Of course, they are dissatisfied and waking up to their condition through liberalization was a contributing factor. But a "cause"? Not.

The same thing is happening in former colonies, as well as in minority groups, which is a reason for the prevalence of identity politics. Individuals affiliate around their common interests, and naturally politicians will exploit this for advantage.

Peter Pan said...

The women's movement has been carefully diverted into avenues that do not threaten the ruling class, or the economic status quo.

Ahmed Fares said...

Feminism says that gender is a social construct. Here is some scientific evidence to the contrary.

When a woman becomes pregnant, a portion of her brain disappears. Literally. Here are some quotes:

Scientists now also know that becoming a mother also has long term effects on a woman’s brain. It was recently discovered that when women become mothers, the grey matter volume in regions subserving social cognition is pruned away during the final stages of pregnancy.

Here's another quote:

Pregnancy involves radical hormone surges and biological adaptations. However, the effects of pregnancy on the human brain are virtually unknown. Here we show, using a prospective ('pre'-'post' pregnancy) study involving first-time mothers and fathers and nulliparous control groups, that pregnancy renders substantial changes in brain structure, primarily reductions in gray matter (GM) volume in regions subserving social cognition. The changes were selective for the mothers and highly consistent, correctly classifying all women as having undergone pregnancy or not in-between sessions. Interestingly, the volume reductions showed a substantial overlap with brain regions responding to the women's babies postpartum. Furthermore, the GM volume changes of pregnancy predicted measures of postpartum maternal attachment, suggestive of an adaptive process serving the transition into motherhood. Another follow-up session showed that the GM reductions endured for at least 2 years post-pregnancy. Our data provide the first evidence that pregnancy confers long-lasting changes in a woman's brain. —pubmed

Another quote:

In order to conduct the study, researchers compared magnetic resonance images of 25 first-time mothers before and after their pregnancy, of 19 male partners, and of a control group formed by 20 women who were not and had never been pregnant and 17 male partners. They gathered information about the participants during five years and four months.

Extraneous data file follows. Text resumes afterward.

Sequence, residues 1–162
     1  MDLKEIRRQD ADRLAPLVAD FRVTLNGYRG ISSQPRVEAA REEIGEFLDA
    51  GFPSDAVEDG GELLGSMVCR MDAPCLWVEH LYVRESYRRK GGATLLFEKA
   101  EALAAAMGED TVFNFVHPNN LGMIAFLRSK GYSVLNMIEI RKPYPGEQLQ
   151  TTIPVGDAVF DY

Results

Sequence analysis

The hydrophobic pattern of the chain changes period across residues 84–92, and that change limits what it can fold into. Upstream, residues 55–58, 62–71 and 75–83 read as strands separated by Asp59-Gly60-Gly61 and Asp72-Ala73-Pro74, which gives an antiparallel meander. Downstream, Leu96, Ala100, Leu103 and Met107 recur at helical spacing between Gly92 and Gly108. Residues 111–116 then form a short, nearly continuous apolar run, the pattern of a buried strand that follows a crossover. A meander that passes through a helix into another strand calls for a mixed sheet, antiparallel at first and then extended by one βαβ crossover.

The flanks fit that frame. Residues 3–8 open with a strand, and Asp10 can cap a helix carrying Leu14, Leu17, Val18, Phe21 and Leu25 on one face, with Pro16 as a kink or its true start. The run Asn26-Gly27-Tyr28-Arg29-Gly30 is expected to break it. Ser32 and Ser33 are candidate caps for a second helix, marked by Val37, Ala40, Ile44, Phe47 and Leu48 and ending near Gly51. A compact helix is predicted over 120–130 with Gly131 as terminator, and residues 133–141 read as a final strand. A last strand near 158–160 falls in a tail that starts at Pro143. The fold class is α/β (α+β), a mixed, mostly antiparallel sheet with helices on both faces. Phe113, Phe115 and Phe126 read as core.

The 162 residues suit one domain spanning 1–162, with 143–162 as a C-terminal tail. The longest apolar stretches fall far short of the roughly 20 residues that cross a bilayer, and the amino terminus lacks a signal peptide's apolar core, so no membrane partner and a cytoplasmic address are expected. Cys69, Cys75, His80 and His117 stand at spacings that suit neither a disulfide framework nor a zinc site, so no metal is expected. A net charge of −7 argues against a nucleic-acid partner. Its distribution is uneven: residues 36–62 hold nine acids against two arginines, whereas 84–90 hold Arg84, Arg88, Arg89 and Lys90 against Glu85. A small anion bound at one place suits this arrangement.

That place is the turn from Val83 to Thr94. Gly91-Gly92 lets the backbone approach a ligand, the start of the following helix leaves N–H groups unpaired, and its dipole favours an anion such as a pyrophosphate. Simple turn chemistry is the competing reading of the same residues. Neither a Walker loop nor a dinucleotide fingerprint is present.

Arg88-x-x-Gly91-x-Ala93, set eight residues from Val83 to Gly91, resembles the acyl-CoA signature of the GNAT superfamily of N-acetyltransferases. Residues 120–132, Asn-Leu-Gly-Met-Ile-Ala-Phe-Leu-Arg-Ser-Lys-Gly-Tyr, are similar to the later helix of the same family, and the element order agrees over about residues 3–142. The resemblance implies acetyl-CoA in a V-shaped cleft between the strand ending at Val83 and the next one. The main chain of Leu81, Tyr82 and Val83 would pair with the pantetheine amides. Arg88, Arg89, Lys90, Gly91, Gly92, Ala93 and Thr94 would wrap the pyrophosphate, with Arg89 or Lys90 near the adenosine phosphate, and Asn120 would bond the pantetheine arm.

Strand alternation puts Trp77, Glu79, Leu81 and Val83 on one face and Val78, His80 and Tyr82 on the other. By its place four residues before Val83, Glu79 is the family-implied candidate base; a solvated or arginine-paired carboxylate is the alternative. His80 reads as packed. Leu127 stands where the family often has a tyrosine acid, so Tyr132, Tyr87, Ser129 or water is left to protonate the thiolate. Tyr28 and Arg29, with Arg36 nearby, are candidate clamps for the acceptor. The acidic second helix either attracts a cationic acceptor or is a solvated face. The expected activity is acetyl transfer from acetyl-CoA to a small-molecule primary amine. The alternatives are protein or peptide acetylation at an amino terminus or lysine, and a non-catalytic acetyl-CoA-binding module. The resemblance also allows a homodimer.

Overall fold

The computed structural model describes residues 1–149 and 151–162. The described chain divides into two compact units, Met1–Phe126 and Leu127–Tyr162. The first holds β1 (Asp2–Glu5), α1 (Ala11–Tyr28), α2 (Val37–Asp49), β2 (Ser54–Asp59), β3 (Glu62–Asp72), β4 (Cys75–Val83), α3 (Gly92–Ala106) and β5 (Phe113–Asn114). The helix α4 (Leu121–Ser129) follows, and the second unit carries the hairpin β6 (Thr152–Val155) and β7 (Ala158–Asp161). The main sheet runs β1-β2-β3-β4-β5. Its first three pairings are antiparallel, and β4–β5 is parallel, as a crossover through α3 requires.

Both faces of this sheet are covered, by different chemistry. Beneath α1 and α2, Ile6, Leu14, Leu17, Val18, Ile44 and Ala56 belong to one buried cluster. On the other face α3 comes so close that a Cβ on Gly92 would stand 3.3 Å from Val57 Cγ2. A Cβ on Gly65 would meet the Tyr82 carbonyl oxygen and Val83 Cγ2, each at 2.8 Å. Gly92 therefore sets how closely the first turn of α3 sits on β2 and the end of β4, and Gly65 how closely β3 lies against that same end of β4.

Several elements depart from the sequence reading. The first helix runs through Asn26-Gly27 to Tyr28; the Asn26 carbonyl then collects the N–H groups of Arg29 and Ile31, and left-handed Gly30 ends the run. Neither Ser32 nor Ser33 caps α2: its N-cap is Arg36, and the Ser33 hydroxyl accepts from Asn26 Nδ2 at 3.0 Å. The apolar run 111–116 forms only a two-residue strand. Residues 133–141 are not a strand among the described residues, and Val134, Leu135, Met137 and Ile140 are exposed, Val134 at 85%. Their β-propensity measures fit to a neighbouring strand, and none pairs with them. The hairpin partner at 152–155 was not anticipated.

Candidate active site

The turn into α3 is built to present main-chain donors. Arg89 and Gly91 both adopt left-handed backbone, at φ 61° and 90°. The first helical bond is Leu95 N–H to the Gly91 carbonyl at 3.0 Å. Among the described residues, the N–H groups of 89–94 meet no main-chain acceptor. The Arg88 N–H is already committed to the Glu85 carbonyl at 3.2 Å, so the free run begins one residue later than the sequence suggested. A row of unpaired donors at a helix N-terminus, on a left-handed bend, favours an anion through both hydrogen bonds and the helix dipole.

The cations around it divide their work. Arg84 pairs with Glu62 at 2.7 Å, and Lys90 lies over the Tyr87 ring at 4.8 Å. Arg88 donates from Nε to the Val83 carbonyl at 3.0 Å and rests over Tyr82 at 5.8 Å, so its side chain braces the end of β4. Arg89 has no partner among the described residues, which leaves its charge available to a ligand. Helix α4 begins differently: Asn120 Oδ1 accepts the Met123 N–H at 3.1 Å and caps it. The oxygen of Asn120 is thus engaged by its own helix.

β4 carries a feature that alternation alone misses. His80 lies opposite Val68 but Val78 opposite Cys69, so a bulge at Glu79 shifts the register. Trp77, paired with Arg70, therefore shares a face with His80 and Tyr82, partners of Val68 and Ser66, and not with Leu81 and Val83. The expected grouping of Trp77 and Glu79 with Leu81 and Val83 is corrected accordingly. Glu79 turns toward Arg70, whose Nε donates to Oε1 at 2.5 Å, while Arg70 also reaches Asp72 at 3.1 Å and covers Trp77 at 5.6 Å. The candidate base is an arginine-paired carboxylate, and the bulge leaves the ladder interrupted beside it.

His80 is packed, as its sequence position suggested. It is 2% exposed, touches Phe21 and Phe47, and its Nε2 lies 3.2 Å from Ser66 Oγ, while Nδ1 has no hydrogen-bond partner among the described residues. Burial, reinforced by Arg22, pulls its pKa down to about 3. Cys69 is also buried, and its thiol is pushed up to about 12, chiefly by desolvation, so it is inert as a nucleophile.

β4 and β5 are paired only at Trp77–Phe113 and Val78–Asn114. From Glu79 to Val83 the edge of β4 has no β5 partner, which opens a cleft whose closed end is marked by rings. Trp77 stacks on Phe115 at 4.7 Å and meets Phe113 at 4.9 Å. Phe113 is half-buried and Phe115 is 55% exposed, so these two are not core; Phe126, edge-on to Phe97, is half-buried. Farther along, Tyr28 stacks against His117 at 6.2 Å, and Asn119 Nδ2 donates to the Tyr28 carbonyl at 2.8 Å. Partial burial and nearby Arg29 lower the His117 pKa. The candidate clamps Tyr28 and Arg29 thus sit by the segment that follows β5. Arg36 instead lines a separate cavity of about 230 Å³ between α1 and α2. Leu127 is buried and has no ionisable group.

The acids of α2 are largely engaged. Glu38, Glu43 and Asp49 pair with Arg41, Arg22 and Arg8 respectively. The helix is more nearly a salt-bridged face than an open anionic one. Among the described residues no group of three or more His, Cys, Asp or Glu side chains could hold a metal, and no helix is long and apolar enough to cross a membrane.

The results of the research directed by Òscar Vilarroya and Susanna Carmona demonstrated a symmetrical reduction in the volume of grey matter in the medial frontal and posterior cortex line, as well as in specific sections of, mainly, prefrontal and temporal cortex in pregnant women. “These areas correspond to a great extent with a network associated with processes involved in social cognition and self-focused processing”, indicates Susanna Carmona.

The analyses of the study determine with great reliability whether any woman from the study had been pregnant depending on the changes in the brain structure. They were even able to predict the mother’s attachment to her baby in the postpartum period based on these brain changes.

Peter Pan said...

Surely you are aware of the distinction between gender and biology?

A man not wanting to wear a dress is a gender construct.

Matt Franko said...

A kilt is like a dress...

Peter Pan said...

There you go... Scottish culture allows men to wear skirts.

But culture cannot turn my brown eyes blue...

Tom Hickey said...

The women's movement has been carefully diverted into avenues that do not threaten the ruling class, or the economic status quo.

Larger issue than that. The issue is diverting attention away from the paradoxes of economic v. political liberalism by putting the narrative emphasis on social liberalism. This is the case both domestically and internationally. The intel services are, chiefly the CIA as far as public information is available, is now even more actively engaged in this than in the past, and it was very active then. They are advertising publicly for woke recruits, raising eyebrows. This is pretty clearly not principally for "equal employment" purposes. It's about harnessing the available energy and redirecting it.

Peter Pan said...

There is no paradox. The US has zero qualms supporting authoritarianism abroad, and will impose it at home if need be. Liberalism is a pretense that we're the good guys.

Time to drop enlightenment verbiage. Those laurels have long since dried up.

Woke recruits will come in handy to repress internal dissent. Comparisons to the Cultural Revolution in China are not entirely off-base.